At a press conference Tuesday morning, RHA president William Shadbolt argued that the city’s tenant protection ordinances make the housing affordability crisis worse. “Making criminals a protected class and other ordinances like it makes the city council directly responsible for increasing people’s rent,” he said. Shadbolt suggested that the city should instead adopt a law that would give renters with criminal records (of any kind) the option of going before an “impartial panel” to get a “restoration of opportunity” certificate that could allow them to rent from some “willing small landlord[s].”  Several landlords said they had drastically increased their screening criteria—requiring higher income or credit scores, for example—in an attempt to prevent “the criminals” from qualifying to rent from them.

In reality, criminal background checks allow landlords to screen out people who have merely been arrested or accused, but found not guilty, of committing a crime—one reason that criminal background checks disproportionately impact people of color, who are far more likely to be targeted, detained, and charged for crimes they did not commit. (Overall, roughly one in three Seattle residents has some kind of criminal history). On the other end of the spectrum, people who do commit crimes and serve their time have a much easier time reintegrating into their communities if they have stable housing.  And of course, people with stable housing are much less likely to commit crimes that stem from poverty, isolation, lack of services, and economic desperation.

City council member Lisa Herbold, who sponsored the fair-chance legislation, says, “One of the fundamental tenets of our justice system is that only a court of law can punish someone accused of a crime.  Blocking people from accessing stable housing based upon their criminal background violates this fundamental tenet of our justice system and is inconsistent with the rule of law.” Herbold also disputes the idea that renting to people with criminal backgrounds puts landlords and tenants without criminal history at rick. “Blocking people from accessing stable housing is a recipe for recidivism and less safety for our communities,” she says. “With housing, a person is seven times less likely to reenter the criminal justice system.  I would expect anyone in favor of a safer Seattle to support this law.”

3. A report by BERK Consulting on Seattle’s “democracy voucher” program, which provides four $25 vouchers to every Seattle resident to contribute to the local candidates of their choice, concludes that while more people contributed to candidates in last year’s elections compared to previous years, the people who used democracy vouchers skewed whiter, wealthier, and older than the city as a whole. The report also found that while more candidates decided to run last year, only a handful managed to qualify for vouchers, and made recommendations for improving the system and increasing access to vouchers in the future.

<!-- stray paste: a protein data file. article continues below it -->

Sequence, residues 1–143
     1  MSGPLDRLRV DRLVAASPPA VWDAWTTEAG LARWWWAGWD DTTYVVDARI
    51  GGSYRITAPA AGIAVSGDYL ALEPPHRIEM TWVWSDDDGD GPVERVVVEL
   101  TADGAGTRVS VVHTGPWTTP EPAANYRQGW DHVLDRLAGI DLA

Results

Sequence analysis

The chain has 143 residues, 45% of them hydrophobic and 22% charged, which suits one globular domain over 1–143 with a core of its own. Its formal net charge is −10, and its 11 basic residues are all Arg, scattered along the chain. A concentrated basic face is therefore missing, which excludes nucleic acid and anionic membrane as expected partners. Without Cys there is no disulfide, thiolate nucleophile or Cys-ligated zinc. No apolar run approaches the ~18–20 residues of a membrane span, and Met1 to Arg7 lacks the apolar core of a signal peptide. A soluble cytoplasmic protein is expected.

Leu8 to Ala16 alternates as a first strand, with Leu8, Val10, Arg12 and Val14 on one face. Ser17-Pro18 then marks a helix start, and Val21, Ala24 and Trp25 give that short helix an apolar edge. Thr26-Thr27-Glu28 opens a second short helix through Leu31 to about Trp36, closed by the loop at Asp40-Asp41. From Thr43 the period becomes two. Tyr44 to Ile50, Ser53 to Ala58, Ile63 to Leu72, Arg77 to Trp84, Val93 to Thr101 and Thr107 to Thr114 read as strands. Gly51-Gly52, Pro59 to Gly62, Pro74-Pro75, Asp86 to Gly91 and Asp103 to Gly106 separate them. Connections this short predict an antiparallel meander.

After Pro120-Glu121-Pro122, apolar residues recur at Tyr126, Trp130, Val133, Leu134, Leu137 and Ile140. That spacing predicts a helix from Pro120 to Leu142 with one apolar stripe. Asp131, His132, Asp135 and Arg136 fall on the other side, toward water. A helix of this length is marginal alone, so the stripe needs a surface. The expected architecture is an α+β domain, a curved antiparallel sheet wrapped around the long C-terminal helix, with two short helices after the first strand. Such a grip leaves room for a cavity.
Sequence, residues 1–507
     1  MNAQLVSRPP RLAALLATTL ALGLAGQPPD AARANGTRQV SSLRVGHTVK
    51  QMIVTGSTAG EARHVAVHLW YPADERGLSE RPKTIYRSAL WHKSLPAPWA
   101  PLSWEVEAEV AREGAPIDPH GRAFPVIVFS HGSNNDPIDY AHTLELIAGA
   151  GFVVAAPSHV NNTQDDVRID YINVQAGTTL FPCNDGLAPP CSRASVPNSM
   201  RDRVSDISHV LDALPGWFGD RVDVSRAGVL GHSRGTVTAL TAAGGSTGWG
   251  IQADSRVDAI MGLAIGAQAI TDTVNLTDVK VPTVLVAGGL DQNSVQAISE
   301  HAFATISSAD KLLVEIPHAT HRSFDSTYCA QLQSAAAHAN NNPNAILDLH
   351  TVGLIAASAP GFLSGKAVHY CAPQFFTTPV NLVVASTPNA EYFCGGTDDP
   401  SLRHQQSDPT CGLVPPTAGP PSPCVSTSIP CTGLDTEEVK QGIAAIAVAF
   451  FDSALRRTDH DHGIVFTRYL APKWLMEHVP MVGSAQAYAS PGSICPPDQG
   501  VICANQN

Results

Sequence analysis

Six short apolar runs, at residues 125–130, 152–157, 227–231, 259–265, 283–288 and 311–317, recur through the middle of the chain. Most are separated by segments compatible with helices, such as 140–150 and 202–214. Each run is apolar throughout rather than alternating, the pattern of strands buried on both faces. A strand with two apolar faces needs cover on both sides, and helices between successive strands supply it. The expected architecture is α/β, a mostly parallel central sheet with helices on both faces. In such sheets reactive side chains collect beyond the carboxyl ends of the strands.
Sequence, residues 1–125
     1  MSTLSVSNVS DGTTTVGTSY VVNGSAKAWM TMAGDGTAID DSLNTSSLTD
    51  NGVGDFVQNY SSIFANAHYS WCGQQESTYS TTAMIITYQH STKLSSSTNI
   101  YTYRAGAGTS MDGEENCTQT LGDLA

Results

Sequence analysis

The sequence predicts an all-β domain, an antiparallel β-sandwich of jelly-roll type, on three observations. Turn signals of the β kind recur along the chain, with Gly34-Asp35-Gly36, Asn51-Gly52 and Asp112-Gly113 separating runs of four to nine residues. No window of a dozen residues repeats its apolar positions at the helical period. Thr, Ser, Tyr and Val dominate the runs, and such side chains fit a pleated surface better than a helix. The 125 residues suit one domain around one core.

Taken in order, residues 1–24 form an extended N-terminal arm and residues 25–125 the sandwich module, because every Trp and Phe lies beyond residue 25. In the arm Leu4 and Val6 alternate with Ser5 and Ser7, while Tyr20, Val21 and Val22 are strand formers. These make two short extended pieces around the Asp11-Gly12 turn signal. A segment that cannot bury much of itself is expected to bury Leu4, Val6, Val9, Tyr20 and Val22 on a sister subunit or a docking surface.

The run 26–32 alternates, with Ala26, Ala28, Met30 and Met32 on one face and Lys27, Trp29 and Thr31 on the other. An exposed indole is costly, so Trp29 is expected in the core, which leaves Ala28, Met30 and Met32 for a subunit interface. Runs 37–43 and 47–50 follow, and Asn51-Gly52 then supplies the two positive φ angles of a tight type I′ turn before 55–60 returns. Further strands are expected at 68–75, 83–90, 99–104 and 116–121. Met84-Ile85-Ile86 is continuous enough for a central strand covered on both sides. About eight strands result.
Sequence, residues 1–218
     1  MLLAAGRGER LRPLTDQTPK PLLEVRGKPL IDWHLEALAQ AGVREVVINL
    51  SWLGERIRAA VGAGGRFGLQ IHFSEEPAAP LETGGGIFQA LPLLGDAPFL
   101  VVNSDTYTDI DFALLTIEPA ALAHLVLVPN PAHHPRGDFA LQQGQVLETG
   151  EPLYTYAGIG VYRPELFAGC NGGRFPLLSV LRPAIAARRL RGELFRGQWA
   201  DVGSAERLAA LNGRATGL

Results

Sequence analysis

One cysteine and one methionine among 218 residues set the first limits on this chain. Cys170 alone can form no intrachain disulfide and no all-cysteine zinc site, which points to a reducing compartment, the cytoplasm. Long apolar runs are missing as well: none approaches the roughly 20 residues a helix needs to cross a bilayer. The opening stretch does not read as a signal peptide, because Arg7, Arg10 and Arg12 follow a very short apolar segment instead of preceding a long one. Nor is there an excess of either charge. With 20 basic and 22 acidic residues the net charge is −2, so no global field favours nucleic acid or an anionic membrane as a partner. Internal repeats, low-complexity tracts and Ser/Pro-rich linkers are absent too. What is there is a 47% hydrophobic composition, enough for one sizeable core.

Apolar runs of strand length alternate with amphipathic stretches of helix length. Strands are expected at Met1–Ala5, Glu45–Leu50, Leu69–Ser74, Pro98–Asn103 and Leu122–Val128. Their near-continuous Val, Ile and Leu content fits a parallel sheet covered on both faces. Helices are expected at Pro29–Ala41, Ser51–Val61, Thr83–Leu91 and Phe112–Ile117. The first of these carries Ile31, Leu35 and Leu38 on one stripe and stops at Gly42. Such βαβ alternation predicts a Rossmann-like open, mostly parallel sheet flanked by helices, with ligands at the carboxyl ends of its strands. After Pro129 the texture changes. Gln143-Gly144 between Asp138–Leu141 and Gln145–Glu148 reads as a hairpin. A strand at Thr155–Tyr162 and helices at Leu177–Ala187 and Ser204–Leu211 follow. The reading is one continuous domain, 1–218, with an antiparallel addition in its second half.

A few highlights of the 51-page report:
• Democracy vouchers did little to prevent “big money” from dominating Seattle politics, as total spending in city council campaigns increased 60 percent between 2015 and 2017, as candidates asked to be released from campaign spending limits when their opponents’ spending, plus spending by outside groups on their behalf, exceeded the limits set by the legislation that established the voucher program. Independent expenditures, which the city does not have the authority to limit, jumped 55 percent over the same two-year period, leading the consultants to conclude that “the role of big money in Seattle elections persists.”
• Because candidates can be released from spending limits if their opponent’s total contributions (including both direct contributions and independent expenditures) exceeded those limits, the report found, the program may unfairly penalize candidates who have no say over whether an outside group does an independent expenditure on their behalf. Conversely, the trigger for releasing campaigns from spending limits might create a perverse incentive for candidates to encourage or solicit small IEs against their opponents in order to boost their combined campaign spending above the threshold and triggering a release from spending limits. “
• For candidates, the biggest barrier to participating in the democracy voucher program was the difficulty of getting signatures and contributions of at least $10 from 400 registered voters and verifying their information with the city, with the result that “most candidates did not receive any public funding, or qualified to receive public funding too late in the election cycle to make a difference.” To fix that problem in the future (and, presumably, to help prevent democracy voucher fraud in future elections), the consultants recommend “significantly streamlining the verification process – particularly when it comes to qualifying contributions,” by allowing people to verify their identities electronically when they make their contributions.